Tang Shuang, the influential fashion critic and deputy publisher at Vogue China has resigned and will leave the company in early June, WWD can exclusively reveal.
Disagreements over the newly-launched Vogue Business in China, which is published on WeChat and had acquired her much-followed personal account and rebranded it into the trade title’s presence, appears to have played a part.
“After much deliberation, I felt that there was a slight gap between my personal style and the company and I decided to focus on my career and other interests,” she told WWD. “I am very grateful for the company’s sincere invitation, and I have benefited a lot in less than a year. I wish Condé Nast China every success on the road to change and innovation in the future.”
Instead of starting a WeChat channel from scratch, Vogue Business in China launched last December by buying Tang’s account called Quanzi, meaning inner circle in Chinese. At the time, it had around 60,000 subscribers.
Condé Nast China had not responded to request for comment at the time of publication.
An authoritative voice in the Chinese fashion industry, Tang is credited with the launch of Xiamen Fashion Week in 2015, after one of the articles she penned as a fashion columnist to the New York Times Chinese edition caught the eye of the Xiamen government. She has served as the editor-in-chief of Instyle China and also in multiple positions in the Modern Media’s portfolio: The Outlook, Modern Weekly and Numéro China, and at select shop The Backroom in Shanghai.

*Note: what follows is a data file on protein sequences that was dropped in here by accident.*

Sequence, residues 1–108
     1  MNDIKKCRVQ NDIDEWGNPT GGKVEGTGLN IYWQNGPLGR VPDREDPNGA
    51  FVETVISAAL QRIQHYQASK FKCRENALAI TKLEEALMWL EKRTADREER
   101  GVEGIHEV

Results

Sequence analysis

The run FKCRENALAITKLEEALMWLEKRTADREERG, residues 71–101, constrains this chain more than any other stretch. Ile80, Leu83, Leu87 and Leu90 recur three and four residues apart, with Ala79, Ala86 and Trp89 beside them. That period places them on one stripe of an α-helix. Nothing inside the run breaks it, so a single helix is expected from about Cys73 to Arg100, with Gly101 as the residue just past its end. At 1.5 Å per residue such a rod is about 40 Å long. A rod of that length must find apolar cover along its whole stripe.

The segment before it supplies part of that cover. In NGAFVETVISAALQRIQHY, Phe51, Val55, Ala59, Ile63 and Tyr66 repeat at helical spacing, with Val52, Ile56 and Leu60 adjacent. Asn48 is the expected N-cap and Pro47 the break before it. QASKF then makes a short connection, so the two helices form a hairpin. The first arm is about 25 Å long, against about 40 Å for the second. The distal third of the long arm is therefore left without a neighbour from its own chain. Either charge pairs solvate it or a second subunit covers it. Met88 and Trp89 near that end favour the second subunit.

Her departure leaves both deputy publisher positions open at Vogue China as the title’s other deputy publisher was transferred to GQ China earlier this year. Tang had been in charge of the integrated marketing creative business across Vogue China’s print and digital platforms, joining the Condé Nast China title last August.
Condé Nast China has seen multiple shakeups in recent months. Earlier this month, Vogue China’s fashion director Candy Lee resigned to pursue other opportunities. In January, GQ China’s fashion director Anson Chen resigned and in February, Ming Zeng, editorial director of GQ China, left the Condé Nast publication, one week after its deputy editor Tao He, who was charged by his team members of professional misconduct, including fabricating facts, plagiarism and sexual harassment of female team members.
Last year, Paco Tang, the company’s group publisher, was the subject of an anonymous e-mail sent to Condé Nast China staff, and the Chinese heads of luxury brands, alleging kickbacks and embezzlement. At the time, Condé Nast China issued a statement dismissing corruption allegations against Tang.
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